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LOSP in Translation

Lake of the Ozarks State Park (LOSP) is Missouri’s largest state park. With nearly 18,000 acres to explore, the Park is over twice the size of the State’s second biggest park, which makes it sometimes feel more like a National Park than a state one. After all, LOSP even has its own airport; how many state parks out there can claim that?

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Interlude: Carondelet Park

Posted in Adventure, art, Hike, Interlude, Jason Gray, Park, perception, Photo Walk, photography, prime lenses by Jason Gray on August 15, 2017

Created as a concession to demands for a southern and northern park following the planned establishment of Forest Park, Carondelet Park is the third largest green space in St. Louis, and the only one that honors the karst topography original to the area.

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Photo Flood 59: Tiffany*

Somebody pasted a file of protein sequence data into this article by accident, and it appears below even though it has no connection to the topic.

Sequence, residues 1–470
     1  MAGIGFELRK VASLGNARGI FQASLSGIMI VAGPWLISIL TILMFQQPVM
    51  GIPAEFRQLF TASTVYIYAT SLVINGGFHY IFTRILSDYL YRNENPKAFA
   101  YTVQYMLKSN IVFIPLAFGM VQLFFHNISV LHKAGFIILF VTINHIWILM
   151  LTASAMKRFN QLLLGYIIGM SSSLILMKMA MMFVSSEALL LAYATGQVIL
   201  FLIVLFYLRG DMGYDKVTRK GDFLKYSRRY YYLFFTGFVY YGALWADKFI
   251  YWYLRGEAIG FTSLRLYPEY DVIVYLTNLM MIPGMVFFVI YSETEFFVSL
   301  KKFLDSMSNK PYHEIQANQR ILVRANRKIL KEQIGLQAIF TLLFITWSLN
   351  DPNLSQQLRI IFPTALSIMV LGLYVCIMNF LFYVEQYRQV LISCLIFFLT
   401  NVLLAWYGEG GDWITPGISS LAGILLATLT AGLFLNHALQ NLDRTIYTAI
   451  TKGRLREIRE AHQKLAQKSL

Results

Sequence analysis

Posted in Adventure, art, Interlude, Jason Gray, Photo Walk, photography, Travel by Jason Gray on July 18, 2017

Photo Flood Saint Louis is an organization that I created almost five years ago for photographers in St. Louis.  PFSTL offers great opportunities to network, share images, learn from more experienced shooters, and more, but mostly, it tells the story of the city, neighborhood by neighborhood.  In fact, every month we visit a new neighborhood, meet new people, visit new businesses, and show the world (or at least the internet) what makes St. Louis a dynamic place to live, warts and all.